Starting off with examples of silly things put on my trailer. The fun part is that many of these things actually would not fit in my car, so the bike trailer was my best option!

This fun Schwinn Collegiate 3 (3 speed) was a lot of fun to restore. Found at a Goodwill for $12. Put some hours and elbow grease with a complete teardown/rebuild and tune. Sold to a freshman college student who rode it around in the Portland area.

Collegiate 3 project start



Assembly (reverse of Disassembly, see?)

This little Nishiki I rescued from a BSU student who had started to convert it to a single speed. The steerer tube was severely bent, tires/tubes replaced, new stem, cut bars, serviced the hubs and bottom bracket. It rode really nice but turned out a little too large for me.Became a nice bike that somebody bought for $195.

More stuff on trailers!

Another rescue, this Trek 400 Elance was found by the side of the road. Abandoned in the free-cycling way. No handle bars or wheels, but a good quality frame worth fixing up. Photo currently don't show the metallic blue flakes very well.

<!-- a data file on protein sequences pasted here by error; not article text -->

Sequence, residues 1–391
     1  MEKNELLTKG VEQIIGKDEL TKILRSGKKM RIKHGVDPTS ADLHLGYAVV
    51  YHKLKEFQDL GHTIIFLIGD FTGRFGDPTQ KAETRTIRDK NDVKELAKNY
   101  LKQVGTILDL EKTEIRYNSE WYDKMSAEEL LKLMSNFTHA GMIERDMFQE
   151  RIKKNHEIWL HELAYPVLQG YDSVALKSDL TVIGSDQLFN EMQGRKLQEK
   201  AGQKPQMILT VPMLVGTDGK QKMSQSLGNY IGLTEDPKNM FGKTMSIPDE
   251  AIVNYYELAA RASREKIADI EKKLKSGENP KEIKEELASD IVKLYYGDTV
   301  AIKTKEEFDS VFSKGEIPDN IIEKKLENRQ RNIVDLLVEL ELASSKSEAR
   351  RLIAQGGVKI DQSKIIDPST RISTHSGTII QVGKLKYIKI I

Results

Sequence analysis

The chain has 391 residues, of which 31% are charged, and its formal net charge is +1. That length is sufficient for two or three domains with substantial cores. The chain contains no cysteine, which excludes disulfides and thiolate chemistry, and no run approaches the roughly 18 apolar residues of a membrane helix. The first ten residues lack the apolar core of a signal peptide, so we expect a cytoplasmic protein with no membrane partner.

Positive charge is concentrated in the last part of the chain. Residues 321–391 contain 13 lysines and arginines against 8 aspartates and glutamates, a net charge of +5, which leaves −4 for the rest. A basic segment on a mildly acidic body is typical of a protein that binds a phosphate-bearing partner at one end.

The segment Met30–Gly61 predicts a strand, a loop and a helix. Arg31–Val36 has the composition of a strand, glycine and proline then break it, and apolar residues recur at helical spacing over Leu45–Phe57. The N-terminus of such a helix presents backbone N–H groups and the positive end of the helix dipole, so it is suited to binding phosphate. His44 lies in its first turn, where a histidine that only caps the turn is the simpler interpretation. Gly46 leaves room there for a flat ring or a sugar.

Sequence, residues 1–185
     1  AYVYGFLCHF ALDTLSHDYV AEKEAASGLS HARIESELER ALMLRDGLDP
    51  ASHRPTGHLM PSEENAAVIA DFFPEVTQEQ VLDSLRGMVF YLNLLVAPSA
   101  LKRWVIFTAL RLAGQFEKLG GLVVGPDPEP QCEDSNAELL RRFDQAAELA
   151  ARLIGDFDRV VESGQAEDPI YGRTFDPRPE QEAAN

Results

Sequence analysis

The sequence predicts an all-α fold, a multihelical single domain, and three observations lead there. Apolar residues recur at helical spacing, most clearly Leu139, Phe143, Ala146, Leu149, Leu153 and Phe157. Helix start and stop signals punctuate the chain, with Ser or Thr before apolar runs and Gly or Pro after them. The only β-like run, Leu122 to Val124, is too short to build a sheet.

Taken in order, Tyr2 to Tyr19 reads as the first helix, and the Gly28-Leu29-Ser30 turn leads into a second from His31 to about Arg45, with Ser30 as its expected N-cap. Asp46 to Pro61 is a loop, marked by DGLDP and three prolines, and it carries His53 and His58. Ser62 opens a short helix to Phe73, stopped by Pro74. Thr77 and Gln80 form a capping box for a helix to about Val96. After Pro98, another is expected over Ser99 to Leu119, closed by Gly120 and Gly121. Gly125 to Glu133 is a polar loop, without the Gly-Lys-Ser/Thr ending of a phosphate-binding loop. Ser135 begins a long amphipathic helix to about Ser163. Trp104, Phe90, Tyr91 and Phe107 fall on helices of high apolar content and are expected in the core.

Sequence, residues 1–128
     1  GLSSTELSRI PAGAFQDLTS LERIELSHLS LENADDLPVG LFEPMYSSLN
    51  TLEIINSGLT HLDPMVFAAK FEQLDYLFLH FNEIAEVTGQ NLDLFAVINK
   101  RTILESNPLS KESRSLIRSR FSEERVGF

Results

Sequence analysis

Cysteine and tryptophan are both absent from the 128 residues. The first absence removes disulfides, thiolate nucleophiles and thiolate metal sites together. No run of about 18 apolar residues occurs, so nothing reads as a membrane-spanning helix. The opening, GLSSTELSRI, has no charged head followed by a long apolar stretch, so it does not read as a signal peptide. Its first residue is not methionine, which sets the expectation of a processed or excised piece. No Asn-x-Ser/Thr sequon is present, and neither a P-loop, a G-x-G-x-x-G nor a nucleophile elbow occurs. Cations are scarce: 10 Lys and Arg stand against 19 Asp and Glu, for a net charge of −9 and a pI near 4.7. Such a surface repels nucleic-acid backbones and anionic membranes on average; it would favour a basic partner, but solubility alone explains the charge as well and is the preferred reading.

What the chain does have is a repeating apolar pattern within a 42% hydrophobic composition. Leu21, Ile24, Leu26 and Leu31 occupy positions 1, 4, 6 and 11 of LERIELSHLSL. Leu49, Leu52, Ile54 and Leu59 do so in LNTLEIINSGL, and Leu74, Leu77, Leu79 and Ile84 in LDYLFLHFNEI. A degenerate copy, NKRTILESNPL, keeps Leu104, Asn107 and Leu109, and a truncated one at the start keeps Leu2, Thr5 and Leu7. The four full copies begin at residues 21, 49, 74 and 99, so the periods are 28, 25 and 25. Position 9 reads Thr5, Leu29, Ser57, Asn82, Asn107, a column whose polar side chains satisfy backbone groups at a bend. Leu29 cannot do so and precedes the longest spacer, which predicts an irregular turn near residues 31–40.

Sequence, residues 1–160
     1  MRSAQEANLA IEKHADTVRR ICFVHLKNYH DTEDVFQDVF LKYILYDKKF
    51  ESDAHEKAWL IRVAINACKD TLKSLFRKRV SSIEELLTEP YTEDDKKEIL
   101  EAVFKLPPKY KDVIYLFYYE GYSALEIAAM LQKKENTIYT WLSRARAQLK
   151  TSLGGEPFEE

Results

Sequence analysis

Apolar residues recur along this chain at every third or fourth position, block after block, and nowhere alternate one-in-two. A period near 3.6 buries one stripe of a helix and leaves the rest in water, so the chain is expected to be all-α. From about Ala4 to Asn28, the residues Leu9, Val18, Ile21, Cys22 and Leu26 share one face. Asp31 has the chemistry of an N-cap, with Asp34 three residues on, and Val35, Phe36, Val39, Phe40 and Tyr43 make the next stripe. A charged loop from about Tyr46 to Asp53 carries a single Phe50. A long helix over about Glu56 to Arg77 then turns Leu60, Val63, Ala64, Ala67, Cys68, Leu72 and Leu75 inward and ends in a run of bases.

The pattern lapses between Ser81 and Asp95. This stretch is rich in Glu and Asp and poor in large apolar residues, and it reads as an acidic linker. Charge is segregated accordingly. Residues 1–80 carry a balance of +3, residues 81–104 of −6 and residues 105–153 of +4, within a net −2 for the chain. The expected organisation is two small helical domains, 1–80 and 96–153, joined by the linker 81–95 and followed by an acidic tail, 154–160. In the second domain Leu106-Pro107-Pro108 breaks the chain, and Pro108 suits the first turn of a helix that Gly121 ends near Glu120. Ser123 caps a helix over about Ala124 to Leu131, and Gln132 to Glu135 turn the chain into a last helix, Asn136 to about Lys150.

Post cleaning

Scroll down only if you can withstand graphics images of destruction & carnage!

In July 2016,my young driver had an accident in the garage, popping the clutch when the seat moved (since we share one car and the seat can be set halfway between positions and then shift suddenly underneath you). I had a period of mourning, and then made a project of stripping the good parts off the bike and building a new bike with a frame from Boise Bicycle Project.

This sweet little Schwinn Haven single speed was at the thrift store with a bent rear wheel. Boise Bicycle project has a lot of great parts to support and upgrade it.

This black Scott is the bike I built with the good components from the destroyed Giant TCR. It was fun and cathartic to build up a bike in the weeks after the accident. On the first serious ride around my favorite 20mi loop, I was just as fast as on the Giant, Crazy!